Family heirlooms and sentimental jewellery are returned to their rightful owners after a crime gang went on a burglary spree across the east of England

PUBLISHED: 17:36 21 January 2019

Mark Caswell, from Kennett, Cambridgeshire, had his home burgled by the gang in July 2017. It was part of a series in which the gang used a red Audi TT RS. A carriage clock was returned to him.

Mark Caswell, from Kennett, Cambridgeshire, had his home burgled by the gang in July 2017. It was part of a series in which the gang used a red Audi TT RS. A carriage clock was returned to him.

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Detectives have reunited 21 people with their much loved property, including a locket with family photographs inside, following a public appeal about goods stolen by a prolific crime gang.

Karon Jones, from Pakenham, Bury St Edmunds, Suffolk, was burgled on May 12, 2017. She had jewellery worth about £5,000 stolen, most of which was not recovered. However, she has had a number of items returned, including a locket that her late father gave to her mother on their wedding day and was of high sentimental value.
Karon Jones, from Pakenham, Bury St Edmunds, Suffolk, was burgled on May 12, 2017. She had jewellery worth about £5,000 stolen, most of which was not recovered. However, she has had a number of items returned, including a locket that her late father gave to her mother on their wedding day and was of high sentimental value.

Photographs were released at the start of this month in a bid to reunite the items with their rightful owners.

Around 220 people contacted police and 21 of them have had goods returned, including a treasured locket.

Karon Jones, from Bury St Edmunds, was burgled in May 2017. She had jewellery worth about £5,000 stolen, most of which was not recovered. However, she has had a number of items returned, including a locket that her late father gave to her mother on their wedding day and was of high sentimental value.

Mark Caswell, from Kennett, Cambridgeshire, had his home burgled by the gang in July 2017. It was part of a series of crime in which the gang used a red Audi TT RS.

Karon Jones, from Pakenham, Bury St Edmunds, Suffolk, was burgled on May 12, 2017. She had jewellery worth about £5,000 stolen, most of which was not recovered. However, she has had a number of items returned, including a locket that her late father gave to her mother on their wedding day and was of high sentimental value.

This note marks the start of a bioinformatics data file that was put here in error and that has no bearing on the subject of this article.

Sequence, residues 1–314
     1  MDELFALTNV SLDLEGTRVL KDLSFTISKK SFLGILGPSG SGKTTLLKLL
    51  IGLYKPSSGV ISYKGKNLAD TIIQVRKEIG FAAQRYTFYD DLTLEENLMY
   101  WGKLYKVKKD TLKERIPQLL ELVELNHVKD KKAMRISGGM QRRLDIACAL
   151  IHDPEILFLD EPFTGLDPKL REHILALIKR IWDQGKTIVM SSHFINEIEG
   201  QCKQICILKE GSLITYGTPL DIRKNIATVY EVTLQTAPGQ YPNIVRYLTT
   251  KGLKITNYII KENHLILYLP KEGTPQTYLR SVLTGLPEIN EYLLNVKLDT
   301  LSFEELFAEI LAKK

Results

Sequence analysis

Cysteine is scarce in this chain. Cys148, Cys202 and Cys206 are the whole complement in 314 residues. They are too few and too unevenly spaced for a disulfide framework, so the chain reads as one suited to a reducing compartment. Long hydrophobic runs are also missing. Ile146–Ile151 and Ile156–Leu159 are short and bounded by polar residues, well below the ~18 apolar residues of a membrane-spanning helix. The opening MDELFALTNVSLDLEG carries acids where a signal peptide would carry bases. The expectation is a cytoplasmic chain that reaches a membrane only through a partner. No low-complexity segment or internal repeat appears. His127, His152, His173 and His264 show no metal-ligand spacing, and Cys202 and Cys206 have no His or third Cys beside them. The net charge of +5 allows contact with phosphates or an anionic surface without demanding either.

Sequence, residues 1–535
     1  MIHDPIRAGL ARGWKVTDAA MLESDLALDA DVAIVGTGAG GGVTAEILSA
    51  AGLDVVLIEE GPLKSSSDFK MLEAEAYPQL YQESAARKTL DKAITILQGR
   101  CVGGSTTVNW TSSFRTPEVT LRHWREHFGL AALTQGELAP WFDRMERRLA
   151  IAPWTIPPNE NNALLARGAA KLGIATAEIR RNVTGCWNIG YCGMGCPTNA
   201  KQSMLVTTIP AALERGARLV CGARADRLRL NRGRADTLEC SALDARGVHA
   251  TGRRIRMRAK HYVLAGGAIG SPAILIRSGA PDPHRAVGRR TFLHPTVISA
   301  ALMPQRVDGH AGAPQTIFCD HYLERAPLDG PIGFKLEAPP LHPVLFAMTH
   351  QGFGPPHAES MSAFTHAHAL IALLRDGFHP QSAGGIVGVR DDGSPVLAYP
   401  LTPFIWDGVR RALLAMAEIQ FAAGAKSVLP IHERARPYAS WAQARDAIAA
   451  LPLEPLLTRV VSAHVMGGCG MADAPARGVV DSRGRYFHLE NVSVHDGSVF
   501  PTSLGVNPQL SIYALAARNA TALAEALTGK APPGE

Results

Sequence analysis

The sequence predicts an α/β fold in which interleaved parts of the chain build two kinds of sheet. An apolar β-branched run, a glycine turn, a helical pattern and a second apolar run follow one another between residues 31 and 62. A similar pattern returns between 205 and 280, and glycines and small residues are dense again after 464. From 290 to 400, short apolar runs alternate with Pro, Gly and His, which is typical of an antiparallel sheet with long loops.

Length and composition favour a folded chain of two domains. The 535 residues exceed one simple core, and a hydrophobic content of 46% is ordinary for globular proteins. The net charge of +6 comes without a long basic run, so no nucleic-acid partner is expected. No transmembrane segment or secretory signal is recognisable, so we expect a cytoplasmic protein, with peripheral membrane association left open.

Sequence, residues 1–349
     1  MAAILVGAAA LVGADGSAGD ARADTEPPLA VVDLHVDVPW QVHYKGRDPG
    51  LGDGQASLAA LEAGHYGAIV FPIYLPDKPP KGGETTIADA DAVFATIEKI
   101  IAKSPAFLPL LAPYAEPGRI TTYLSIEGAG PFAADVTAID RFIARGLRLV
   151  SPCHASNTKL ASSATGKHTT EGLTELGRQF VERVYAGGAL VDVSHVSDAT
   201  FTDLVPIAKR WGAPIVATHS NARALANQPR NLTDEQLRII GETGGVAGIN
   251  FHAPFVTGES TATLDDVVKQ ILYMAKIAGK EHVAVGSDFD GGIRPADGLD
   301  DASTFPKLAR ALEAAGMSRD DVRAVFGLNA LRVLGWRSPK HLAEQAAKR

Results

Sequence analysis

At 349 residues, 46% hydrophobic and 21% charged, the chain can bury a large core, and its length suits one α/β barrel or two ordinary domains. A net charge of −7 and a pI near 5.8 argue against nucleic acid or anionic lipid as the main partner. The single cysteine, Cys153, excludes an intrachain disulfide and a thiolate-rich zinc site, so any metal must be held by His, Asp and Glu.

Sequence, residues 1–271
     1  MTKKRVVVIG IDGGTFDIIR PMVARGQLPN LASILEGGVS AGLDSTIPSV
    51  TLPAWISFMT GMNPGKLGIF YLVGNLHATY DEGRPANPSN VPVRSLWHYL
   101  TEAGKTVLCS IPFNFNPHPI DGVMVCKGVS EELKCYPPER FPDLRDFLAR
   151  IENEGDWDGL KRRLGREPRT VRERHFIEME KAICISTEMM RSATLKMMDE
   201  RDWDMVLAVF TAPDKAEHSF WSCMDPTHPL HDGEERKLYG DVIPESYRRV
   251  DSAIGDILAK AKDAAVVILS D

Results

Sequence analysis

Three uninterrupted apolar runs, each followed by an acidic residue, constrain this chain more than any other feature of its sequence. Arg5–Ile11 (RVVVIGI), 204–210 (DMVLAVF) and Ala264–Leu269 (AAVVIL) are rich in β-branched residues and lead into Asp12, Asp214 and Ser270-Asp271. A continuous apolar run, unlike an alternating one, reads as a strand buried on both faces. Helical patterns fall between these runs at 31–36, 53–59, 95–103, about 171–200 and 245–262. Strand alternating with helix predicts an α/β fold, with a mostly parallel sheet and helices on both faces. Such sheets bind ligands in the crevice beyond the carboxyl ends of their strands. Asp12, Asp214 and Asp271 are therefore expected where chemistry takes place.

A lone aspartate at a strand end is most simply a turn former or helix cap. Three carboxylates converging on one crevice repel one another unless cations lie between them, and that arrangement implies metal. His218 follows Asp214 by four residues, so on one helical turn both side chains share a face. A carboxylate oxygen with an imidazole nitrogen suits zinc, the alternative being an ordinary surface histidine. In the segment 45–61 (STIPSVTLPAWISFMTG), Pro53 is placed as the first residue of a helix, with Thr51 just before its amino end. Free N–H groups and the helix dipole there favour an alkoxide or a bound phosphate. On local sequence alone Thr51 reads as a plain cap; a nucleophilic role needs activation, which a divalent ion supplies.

Karon Jones, from Pakenham, Bury St Edmunds, Suffolk, was burgled on May 12, 2017. She had jewellery worth about £5,000 stolen, most of which was not recovered. However, she has had a number of items returned, including a locket that her late father gave to her mother on their wedding day and was of high sentimental value.

A carriage clock was returned.

They goods only relate to burglaries in Cambridgeshire and surrounding counties between December 9, 2016, and January 9, 2018.

Last month, the gang members were sentenced to a total of 71 years in jail.

They had committed more than 200 burglaries, including nearly 100 in Cambridgeshire, costing victims more than £2 million pounds.

Karon Jones, from Pakenham, Bury St Edmunds, Suffolk, was burgled on May 12, 2017. She had jewellery worth about £5,000 stolen, most of which was not recovered. However, she has had a number of items returned, including a locket that her late father gave to her mother on their wedding day and was of high sentimental value.
Karon Jones, from Pakenham, Bury St Edmunds, Suffolk, was burgled on May 12, 2017. She had jewellery worth about £5,000 stolen, most of which was not recovered. However, she has had a number of items returned, including a locket that her late father gave to her mother on their wedding day and was of high sentimental value.

Norfolk suffered a similar number of burglaries to Cambridgeshire while other offences took place in Suffolk, Essex and Bedfordshire.

Gang members would mask their faces using balaclavas and smash or force open doors or windows in broad daylight.

They would steal specific items, mainly high-powered BMWs and Audis, firearms, cash and jewellery, all of which they could dispose of through contacts.

Stolen vehicles were put on false plates and left in residential parking areas before being used to commit further crimes.

Most were raids on homes, although commercial premises and ATMs, including several in East Cambs, were also targeted.

• Anyone who believe an item belongs to them should email operationhawkesbury@cambs.pnn.police.uk with their name, date and address of offence, crime number, exhibit number/album-photo ref of property, contact details, including email address, and any receipts/proof of purchase or photographs of items.

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